So he looked all around his kingdom for a suitable bride. He put an ad in the classifieds saying, “Single, slithery snake seeking life-long partner, not very good table manners and too many other bad habits to mention.”

You’d be surprised how many takers there were. Women answered in droves. Some women love snakes it seems, especially the tall, dark and handsome ones, with lots of intensity and potential.

A beautiful bride was selected and they had a wedding and on the wedding night the snake ate his bride. The King ran another ad and a second responded and there was a wedding and again the snake ate his bride on the wedding night. And so it went with the third, fourth and fifth.

The women of the kingdom where hearing about the snake’s taste in women and they were getting a little harder to find.

However, there was a woodcutter’s daughter who decided to go for it. Unlike her predecessors she went to find The Wise Old Woman in the woods—the same one who helped the Queen get pregnant and asked her for advice.

She gladly gave it but insisted that unlike the Queen, she must follow her instructions to the letter or she could also become snake food like.

The Old Wise Woman told her to take her time and not rush into anything. You may recall the times you didn’t listen to the wiser part of you saying, “This time go slow.”

That is a common loss that requires some grief work.

The old woman told her to make seven beautiful wedding blouses and wear them on her wedding night and to take a bucket of sweet milk and a steel brush with her to the bedroom. So she took about a year making these blouses.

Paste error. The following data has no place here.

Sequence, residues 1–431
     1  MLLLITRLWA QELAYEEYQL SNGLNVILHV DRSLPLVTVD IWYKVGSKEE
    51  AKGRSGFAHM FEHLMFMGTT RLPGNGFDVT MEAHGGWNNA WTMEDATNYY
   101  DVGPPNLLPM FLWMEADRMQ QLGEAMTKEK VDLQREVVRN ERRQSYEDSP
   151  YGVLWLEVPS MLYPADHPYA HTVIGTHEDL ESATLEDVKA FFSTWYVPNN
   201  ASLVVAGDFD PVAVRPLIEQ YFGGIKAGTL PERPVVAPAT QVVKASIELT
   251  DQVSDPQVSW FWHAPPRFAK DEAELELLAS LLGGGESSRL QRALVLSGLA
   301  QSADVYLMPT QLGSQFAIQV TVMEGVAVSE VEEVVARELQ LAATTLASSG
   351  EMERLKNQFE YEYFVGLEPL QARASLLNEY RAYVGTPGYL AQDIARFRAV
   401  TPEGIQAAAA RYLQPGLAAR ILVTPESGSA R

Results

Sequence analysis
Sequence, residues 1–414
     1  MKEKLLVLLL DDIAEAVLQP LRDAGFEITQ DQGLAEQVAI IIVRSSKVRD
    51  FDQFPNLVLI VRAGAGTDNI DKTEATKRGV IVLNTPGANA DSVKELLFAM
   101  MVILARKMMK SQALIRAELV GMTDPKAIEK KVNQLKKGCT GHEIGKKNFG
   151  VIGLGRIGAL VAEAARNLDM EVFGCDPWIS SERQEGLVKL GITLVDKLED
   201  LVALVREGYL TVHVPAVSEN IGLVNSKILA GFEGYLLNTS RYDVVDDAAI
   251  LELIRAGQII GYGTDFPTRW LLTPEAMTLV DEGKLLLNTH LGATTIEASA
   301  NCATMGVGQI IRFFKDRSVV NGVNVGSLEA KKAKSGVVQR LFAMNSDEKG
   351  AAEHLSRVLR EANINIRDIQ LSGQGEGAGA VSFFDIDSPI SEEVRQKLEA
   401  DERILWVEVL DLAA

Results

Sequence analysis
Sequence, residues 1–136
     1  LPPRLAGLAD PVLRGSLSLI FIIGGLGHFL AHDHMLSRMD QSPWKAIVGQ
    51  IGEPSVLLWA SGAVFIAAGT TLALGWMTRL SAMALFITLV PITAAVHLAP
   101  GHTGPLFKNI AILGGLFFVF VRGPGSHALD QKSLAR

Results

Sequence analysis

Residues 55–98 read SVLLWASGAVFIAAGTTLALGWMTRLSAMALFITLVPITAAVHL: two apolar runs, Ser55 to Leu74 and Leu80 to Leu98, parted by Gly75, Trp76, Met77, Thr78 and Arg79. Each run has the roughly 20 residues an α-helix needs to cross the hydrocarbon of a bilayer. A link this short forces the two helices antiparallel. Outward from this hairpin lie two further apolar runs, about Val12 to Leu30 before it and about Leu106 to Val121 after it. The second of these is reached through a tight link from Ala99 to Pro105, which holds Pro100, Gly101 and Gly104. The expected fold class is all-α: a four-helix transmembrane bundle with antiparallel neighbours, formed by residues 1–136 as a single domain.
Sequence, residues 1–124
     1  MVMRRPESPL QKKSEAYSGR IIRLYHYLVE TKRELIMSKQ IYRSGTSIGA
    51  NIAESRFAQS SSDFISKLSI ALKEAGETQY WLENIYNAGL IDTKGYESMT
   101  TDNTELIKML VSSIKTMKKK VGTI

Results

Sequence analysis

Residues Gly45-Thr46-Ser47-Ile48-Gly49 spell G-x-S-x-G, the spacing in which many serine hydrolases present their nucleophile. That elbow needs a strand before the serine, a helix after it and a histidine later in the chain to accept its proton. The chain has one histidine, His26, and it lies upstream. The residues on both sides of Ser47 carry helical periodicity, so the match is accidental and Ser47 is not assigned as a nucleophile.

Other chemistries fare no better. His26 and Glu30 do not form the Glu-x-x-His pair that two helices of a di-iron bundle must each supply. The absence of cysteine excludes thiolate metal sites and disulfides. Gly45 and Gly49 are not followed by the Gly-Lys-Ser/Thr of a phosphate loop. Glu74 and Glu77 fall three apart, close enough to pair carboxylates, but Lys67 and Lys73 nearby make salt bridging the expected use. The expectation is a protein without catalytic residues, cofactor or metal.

Waiting makes impatient snakes hungry. Finally on the wedding night the snake closed the door and was ready to have some wife food. But first he wanted a little pre-dinner show so he said, “Take off your blouse.”

“I’ll take off my blouse if you will take off one of your skins,” she replied.

“Do what? You got to be kidding. That would hurt like hell. Besides, no one has ever asked me to do this before.”

So due to his hidden desire for real love he began taking off his skin and you should have heard the shrieks, cries and yelling. You know it hurts to shed a skin. It also hurts to learn how to love as I mentioned in the last chapter. This snake had a lot to learn about how poorly he had loved in the past.

The woodcutter’s daughter took off the blouse only to reveal another one under it. The snake looked perplexed and was beginning to get a little frustrated.

“Take off the blouse,” He growled.

“I’ll take off my blouse if you will take off your skin.”

“I can’t believe you’re asking me to do all this stuff. Every woman I’ve eaten, I mean loved has never asked me to do this before. What do you want from me?”

So once again you should have heard the moaning and groaning of the snake shedding another layer of skin. The woman removed a blouse only to reveal another one.

Well the snake was getting pretty irritated to say the least and was beginning to get the picture that this woman was not going to be as easy as the other brides and that she knew how to take care of herself and ask for what she wanted and wouldn’t settle for anything less than what she deserved.